Monday 8 March is International Women’s Day.
This year’s theme of ‘Choose to Challenge’ was a great excuse to seek out and celebrate Juliette Harley, a PhD candidate at Chris O’Brien Lifehouse who lends her incredible talents to two entirely different worlds – our VectorLab team, and the hockey field – the unicycle hockey field, to be precise.
In the world of science, Juliette is a year into her PhD, which focusses on plasma physics in cancer treatment.
Juliette explains: “I’m working on a different kind of cancer treatment that imparts part of the active agent of radiation into a solution, and we use that solution to treat cancer cells and see how well they die.
“With radiation therapy, the cells get killed in two ways – there’s the direct damage, where the DNA strands break, but the radiation also makes reactive molecules around the cells. So we are putting those reactive molecules on cancer cells to see how effectively they kill the cells.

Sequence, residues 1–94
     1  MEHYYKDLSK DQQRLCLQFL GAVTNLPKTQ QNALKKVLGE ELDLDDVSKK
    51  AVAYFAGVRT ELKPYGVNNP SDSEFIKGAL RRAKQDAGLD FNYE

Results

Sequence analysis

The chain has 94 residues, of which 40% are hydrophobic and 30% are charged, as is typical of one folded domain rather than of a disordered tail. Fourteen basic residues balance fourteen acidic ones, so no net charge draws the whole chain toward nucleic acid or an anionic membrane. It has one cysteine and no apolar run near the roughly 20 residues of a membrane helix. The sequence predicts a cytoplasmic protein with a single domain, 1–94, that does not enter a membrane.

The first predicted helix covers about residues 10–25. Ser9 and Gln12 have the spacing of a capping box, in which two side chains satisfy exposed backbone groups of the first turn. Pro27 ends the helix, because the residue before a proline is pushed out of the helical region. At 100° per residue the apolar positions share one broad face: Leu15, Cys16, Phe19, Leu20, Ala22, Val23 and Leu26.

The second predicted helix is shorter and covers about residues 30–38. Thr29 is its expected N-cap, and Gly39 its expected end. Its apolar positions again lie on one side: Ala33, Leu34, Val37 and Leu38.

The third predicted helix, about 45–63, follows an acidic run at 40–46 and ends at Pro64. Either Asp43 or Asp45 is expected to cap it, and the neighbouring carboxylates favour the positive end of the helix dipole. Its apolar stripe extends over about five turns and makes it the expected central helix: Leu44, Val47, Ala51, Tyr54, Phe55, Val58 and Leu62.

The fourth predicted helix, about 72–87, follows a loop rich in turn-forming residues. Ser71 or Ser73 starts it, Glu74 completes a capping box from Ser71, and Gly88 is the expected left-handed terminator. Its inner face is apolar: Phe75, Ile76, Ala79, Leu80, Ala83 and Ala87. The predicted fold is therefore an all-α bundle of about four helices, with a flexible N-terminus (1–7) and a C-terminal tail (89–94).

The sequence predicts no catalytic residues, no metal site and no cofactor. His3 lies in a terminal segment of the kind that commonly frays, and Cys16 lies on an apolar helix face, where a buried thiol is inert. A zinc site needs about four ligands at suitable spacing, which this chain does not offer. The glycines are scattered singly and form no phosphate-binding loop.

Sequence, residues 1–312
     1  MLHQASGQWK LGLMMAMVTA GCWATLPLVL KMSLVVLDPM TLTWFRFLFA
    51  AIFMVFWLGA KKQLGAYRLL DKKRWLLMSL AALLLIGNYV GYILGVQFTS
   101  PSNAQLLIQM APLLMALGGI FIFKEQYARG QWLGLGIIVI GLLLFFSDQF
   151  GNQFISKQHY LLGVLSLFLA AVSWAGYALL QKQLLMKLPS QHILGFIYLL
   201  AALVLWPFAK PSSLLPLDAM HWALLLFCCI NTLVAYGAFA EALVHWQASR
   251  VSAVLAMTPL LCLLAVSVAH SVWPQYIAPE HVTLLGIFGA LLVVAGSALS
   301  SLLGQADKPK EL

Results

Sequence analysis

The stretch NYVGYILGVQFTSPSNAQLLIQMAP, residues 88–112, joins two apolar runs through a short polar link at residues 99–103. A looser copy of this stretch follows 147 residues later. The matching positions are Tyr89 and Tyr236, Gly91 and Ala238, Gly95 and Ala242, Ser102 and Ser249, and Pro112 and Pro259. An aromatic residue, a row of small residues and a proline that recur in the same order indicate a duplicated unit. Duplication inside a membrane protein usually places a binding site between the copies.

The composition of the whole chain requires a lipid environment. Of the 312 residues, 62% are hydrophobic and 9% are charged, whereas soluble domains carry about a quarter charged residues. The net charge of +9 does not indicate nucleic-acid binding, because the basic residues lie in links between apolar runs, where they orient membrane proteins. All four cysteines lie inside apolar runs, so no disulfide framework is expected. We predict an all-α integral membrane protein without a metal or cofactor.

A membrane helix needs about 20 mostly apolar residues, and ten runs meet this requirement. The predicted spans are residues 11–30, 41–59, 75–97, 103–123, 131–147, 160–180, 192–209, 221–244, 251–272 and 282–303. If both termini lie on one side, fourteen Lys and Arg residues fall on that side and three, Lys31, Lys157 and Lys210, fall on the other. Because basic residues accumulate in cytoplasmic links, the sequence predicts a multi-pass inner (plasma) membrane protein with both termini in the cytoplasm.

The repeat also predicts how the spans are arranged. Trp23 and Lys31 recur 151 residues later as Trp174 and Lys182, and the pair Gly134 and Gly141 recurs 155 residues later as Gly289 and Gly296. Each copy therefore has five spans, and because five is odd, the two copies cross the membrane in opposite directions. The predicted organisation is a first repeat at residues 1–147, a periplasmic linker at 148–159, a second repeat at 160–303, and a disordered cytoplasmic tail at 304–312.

“I love working in VectorLab – it’s great to see the biology side and the radiobiology side, but also the patient focus and driving our discovery to what happens in the clinics.
“I love lab work, doing research and producing quality information. If I could stay in the lab as a researcher that would be a dream come true, no matter where that takes me – cancer research or something else with plasma research.”
Juliette discovered her other love – the unicycle – six years ago, through her university’s Circus Society.
“Learning to ride the unicycle was like learning to ride a bike again, but instead of worrying about falling sideways, you have to worry about falling backwards and forwards as well!”
Juliette quickly became so proficient she started unicycle racing – until one day when a friend introduced her to the little-known sport of unicycle hockey.
“It’s so much fun. The teams are mixed ages and genders – the oldest player on my team is 65 and the youngest is just 13. It brings such a variety of people together.”
As she reflects on gender equality, Juliette says that the biggest lesson to be learned comes not from the lab, but from the hockey field.
“Playing on a mixed team really highlights gender equality. It shows how well things can work when everyone is assessed and treated based solely on skill level, rather than age, gender or appearance.
It’s about what each individual brings to the table, and I think more areas of life should be like that.”